Of the several flowers and plants I’ve grown in my gardening adventures, there aren’t many that rival the “Wow! I did it!”- factor quite like herbs. They’re pretty, typically grow well without requiring any work from me, and you GET something out of it. And the I-Wanna-Be-Claire version of me wanted to pass along what I’ve learned about drying herbs. While I do use fresh herbs, there’s just no way that I can use as much of the fresh greens as my plants provide, so I like to dry them and keep them for later. I typically stick to just a few basic herbs (sage, rosemary, oregano, mint and basil) and for this post I’m going to cover my most recent oregano harvest.
So, while my harvesting adventure wasn’t nearly as risky as romping through the back-country with redcoats or Mohawk on my tail, I’m pretty sure I tripped over at least one pool noodle and a mini-dachshund on my way. But, thankfully I didn’t get hurt. I was lucky. I was even holding scissors. It could’ve been awful.
But back to the oregano…. I like to cut my herbs in the morning when the plants are nice and soft. Not when they’re all wilty and stressed out during the day. And because this particular day was going to be a hot sunny day, it was perfect for the drying-method I had in mind.
I simply cut the plants, and laid them out to dry in the sun on a nice clean sheet.
Tip: Before I cut the plants, I took a bit of time to do remove some of the nasty looking leaves, and was on the look-out for any creepy crawlers – after all, I want wee herbs, not wee-creepers. I find it easier to prune the plants before I cut them – it just seems easier for me to see the bad stuff, but do whatever works for you. But I’d most definitely recommend cleaning the plants while they’re fresh. Once they’re dried, all of the leaves look kind of awful, and the bad stuff will blend right in.
And unless you have hours and hours to devote to cleaning your plants, you’ve got to be okay with not getting 100% of the bad stuff. But the way I see it, I know that my plants are clean, where they were grown, and aren’t sprayed with any nasty chemicals, so I’m already more comfortable with using them over the store-bought variety.
Thanks to the fact that this particular day was about a bazillion degrees, the oregano was crunchy-dried in a matter of hours. I flipped the cuttings over a few times throughout the course of the day just to make sure everything dried evenly, and by sunset, I brought the plants inside.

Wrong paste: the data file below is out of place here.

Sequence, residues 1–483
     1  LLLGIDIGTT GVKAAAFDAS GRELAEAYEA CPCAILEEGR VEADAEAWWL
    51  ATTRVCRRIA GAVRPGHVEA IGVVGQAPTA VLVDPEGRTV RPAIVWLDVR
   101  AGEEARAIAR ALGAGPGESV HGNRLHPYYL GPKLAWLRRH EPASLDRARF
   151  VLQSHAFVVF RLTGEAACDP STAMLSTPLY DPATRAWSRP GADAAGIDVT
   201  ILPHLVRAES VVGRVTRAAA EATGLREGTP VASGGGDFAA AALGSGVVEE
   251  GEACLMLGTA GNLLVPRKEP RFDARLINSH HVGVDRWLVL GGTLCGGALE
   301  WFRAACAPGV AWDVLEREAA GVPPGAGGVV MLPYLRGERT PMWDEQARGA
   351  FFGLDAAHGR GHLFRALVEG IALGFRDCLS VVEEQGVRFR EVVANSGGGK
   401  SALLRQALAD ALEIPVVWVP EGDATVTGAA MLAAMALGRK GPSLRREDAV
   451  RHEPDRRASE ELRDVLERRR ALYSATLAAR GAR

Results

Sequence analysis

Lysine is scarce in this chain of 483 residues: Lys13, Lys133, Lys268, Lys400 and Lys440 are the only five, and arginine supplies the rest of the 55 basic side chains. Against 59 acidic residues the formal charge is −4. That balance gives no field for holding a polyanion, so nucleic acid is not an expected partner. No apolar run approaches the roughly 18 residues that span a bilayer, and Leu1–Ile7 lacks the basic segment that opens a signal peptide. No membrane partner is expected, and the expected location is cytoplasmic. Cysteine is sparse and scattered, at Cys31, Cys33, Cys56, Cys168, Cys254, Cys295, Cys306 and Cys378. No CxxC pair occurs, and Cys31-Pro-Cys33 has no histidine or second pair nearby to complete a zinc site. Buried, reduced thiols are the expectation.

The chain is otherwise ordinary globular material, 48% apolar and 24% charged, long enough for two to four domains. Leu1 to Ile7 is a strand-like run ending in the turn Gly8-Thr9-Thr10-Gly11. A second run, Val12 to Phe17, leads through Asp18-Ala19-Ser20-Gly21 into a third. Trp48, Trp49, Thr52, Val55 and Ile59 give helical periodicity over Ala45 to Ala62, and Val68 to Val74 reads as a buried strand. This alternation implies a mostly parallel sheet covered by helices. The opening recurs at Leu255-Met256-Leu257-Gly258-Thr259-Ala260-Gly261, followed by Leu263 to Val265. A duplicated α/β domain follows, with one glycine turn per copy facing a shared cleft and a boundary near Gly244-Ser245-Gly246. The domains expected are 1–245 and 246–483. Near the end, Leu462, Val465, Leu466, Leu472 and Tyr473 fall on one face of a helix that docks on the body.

I should mention that there are many other ways to dry herbs. For my larger plants like basil, I typically cut the plants and hang them upside-down to dry for several weeks in a cool dark place. Some people like to do all of the leaf removal and dry the herbs in the oven for several hours on a low temp. I’m sure you could even use a dehydrator, but I don’t own one so I have nothing to offer there. I just prefer the easiest / old-schooliest method and let the drying happen on its own.
The next part of the process was removing the dried leaves from the stems – which I didn’t get to until a few days later, but the plants were kept cool and dry, so no worries. Just simply remove the leaves from the dried stems. I like to take a bit of time here and make sure not to let any woody stems into the mix, and sometimes even snip off a bit of the leave stem if it comes from a larger leaf. (After all, no one really likes to pick sticks out of their mouthful of spaghetti sauce.)
Final step is a quick whirl around the food processor and that’s about it. Be sure to store your dried herbs in a clean and very dry container. (No one likes moldy herbs either.) The dried herbs last for months, and even make nice little gifts.
I wanted also to show the difference between store-bought and freshly dried herbs. While I might not know everything about the many varieties of oregano-plants grown for either version, I’m sticking with my gut and preferring my nice GREENER version of oregano versus the brown dried up bits from the store.